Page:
I still remember it as though it was yesterday. In fact, it was over thirty-five years ago. I was at a meeting in a friend’s house where we were planning an up and coming mission which was jointly sponsored by the various churches in our neighbourhood. I had to bite my lip to stop my enthusiasm from interrupting the flow of the no-doubt useful discussion.
The problem was I had been seated opposite a large bay window and had looking out the window and, well, there was a rather lovely sunset. It was by biting my lip that I stopped myself shouting out as a non sequitur to end all non-sequiturs, ‘Look everybody: when the sun is setting the shadows are on the top of the clouds, not the bottom!’ In the end, I held back from such a moment of deep sharing.
You see, I’d been going to art classes and trying to brush up on my drawing and painting skills. As a consequence, my powers of observation were sharpened and the result was that moment of insight – well, no, actually, it wasn’t an insight but an observation – something quite different.
It has been said that you never truly see something until you have tried to draw it. In my experience there is much truth in this –the regular practice of drawing from observation leads a person to see everything in a fresher, more lively way.
We are only able to see anything at all because light falls on it. Sunlight through a window illuminates an apple on the kitchen table. The apple is three dimensional so there will be part of it in shadow and on the lit face there may well be a point on intense refection, a highlight. On the table, it casts a shadow and the colours of that shadow are different from those parts of the table that receive the light directly from the window. But even the shaded face of the apple is not uniformly dark as the shadow is modified by some light reflected from the tabletop…
And still we haven’t talked about shape or colour – let alone flavour! One of the challenges of trying to draw something is to draw what you see rather than trying to draw what you think is there.
To see with clarity may be a gift – but it is also a skill that can be developed. The great British painter J M Turner was once asked about the secret of his genius, he replied, ‘There is no secret – only hard work.’
To see clearly – to be attentive to what is in front of us can be a cause of celebration as we respond to beauty and the wonder of creation. But good observational skills can also enable us to see horror and pain. Both should lead us to prayer.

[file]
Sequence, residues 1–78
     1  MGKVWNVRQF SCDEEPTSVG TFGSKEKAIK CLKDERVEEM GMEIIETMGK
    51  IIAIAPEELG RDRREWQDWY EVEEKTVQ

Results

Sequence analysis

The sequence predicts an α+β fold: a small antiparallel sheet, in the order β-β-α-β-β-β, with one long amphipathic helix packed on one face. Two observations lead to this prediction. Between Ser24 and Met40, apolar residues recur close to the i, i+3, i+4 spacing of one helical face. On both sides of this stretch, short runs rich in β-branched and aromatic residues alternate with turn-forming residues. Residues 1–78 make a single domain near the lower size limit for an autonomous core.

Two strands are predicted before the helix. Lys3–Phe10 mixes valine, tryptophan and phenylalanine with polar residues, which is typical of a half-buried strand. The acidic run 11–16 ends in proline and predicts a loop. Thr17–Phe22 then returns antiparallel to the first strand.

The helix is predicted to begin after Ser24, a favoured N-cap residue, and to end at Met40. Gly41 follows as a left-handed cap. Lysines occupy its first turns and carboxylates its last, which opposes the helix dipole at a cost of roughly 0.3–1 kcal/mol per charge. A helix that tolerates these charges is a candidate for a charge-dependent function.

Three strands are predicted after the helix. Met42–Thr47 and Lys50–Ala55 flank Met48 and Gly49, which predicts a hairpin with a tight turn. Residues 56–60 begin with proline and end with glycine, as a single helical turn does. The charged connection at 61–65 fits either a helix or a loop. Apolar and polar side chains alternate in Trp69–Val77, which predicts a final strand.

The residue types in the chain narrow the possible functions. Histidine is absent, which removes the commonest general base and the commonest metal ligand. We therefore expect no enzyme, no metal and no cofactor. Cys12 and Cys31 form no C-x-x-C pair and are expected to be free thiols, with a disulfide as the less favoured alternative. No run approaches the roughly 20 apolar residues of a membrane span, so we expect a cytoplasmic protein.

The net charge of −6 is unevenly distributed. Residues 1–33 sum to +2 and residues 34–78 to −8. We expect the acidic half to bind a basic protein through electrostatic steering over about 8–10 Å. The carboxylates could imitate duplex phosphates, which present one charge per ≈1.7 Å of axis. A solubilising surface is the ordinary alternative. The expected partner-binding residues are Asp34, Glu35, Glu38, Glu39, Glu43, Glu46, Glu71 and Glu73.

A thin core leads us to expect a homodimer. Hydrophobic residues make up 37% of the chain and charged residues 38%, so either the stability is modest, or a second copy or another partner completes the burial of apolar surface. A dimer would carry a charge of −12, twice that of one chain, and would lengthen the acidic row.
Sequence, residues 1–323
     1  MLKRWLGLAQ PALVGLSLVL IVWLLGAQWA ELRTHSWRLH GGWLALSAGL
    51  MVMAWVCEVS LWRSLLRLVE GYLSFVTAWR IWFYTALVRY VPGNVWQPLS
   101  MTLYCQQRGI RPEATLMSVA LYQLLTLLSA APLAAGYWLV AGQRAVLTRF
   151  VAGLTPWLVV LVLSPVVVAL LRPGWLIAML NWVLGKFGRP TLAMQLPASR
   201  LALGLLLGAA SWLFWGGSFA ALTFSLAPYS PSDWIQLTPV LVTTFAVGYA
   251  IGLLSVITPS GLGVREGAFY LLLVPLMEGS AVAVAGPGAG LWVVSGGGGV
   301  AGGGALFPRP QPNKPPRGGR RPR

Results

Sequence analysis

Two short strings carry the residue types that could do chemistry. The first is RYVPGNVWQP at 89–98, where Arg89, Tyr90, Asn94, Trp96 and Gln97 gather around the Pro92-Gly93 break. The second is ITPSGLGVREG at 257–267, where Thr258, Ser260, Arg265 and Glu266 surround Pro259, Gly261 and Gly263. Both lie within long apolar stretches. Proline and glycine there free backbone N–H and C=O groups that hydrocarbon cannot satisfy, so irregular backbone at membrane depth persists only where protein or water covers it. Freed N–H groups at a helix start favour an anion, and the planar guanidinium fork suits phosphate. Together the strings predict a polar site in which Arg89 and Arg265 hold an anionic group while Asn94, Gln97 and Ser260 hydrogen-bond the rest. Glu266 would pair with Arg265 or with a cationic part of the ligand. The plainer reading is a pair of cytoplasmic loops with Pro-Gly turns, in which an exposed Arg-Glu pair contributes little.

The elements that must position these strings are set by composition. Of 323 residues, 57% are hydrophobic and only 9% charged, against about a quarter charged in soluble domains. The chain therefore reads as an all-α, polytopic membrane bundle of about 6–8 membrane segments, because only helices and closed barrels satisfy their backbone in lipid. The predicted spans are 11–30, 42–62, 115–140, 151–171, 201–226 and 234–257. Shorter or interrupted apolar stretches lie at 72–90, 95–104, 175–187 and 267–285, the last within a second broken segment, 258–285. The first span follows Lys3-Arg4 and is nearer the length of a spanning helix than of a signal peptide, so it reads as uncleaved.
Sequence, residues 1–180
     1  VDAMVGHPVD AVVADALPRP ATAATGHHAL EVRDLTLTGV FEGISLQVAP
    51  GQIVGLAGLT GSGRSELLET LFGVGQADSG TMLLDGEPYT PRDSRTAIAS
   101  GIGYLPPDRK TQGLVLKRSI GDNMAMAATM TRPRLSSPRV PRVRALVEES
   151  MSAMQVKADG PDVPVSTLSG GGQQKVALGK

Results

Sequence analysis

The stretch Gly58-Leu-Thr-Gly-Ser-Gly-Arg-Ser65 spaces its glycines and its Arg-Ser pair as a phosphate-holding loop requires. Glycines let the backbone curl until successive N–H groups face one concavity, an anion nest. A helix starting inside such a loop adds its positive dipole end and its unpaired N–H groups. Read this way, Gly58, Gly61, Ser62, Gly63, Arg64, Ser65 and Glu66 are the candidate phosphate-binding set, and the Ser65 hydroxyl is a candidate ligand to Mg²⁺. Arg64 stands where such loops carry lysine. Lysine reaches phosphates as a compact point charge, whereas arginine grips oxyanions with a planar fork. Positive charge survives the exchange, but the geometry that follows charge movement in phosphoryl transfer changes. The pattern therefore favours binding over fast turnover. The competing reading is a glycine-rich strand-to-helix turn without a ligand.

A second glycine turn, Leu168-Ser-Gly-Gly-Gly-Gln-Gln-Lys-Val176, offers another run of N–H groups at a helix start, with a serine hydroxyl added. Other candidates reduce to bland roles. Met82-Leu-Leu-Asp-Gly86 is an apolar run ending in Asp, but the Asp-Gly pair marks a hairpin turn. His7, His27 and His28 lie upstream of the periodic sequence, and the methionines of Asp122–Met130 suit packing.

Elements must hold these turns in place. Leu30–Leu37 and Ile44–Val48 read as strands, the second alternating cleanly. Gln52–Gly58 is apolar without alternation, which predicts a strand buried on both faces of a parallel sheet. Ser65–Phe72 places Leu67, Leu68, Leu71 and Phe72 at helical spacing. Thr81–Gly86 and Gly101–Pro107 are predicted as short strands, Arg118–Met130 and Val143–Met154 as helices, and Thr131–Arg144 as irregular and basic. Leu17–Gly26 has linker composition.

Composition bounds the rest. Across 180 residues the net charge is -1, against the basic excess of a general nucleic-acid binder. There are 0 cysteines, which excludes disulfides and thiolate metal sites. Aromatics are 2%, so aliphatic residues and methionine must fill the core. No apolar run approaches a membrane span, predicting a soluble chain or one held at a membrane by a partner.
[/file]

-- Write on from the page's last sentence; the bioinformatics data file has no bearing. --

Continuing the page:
It has been said that prayer is the greatest act of love. But surely, for it to be this, it must begin with a way of seeing which takes the outer world, the other, seriously. Our own profound thoughts and clever ideas may be important, but prayer begins with seeing beyond ourselves clearly. As Elizabeth Barrett Browning put it:
‘Earth’s crammed with heaven,
And every common bush afire with God:
But only he who sees, takes off his shoes,
The rest sit round it, and pluck blackberries…’
Here we move beyond the surface delights of light and colour to a ‘meaning’ lit by such beauty. And do we simply stuff the fruit in our mouths or do we wonder at the God of all fruitfulness?
A while back I started attending a new oil painting class. The first term was nearly all still life painting – bowls of fruit, jugs and bottles. One day I muttered the question, ‘When are we going to do some real painting – landscapes and portraits and such like? My teacher showed me a book of art prints which contained a number of paintings by Francisco do Zurbaran, an early seventeenth century painter who specialised in religious paintings from the bible and the lives of the saints.
Yet the print he showed me was – yes – a still life. It was called, ‘Still life with oranges, lemons and rose’ and it took my breath away. First it was the exquisite draughtsmanship – then it was the beauty of what was displayed. And then there was more. The art teacher turned to the minister – the garrulous clown of a novice student – and gently asked, ‘Now Chris, don’t you think that’s sacramental?’
Originally published in The Baptist Times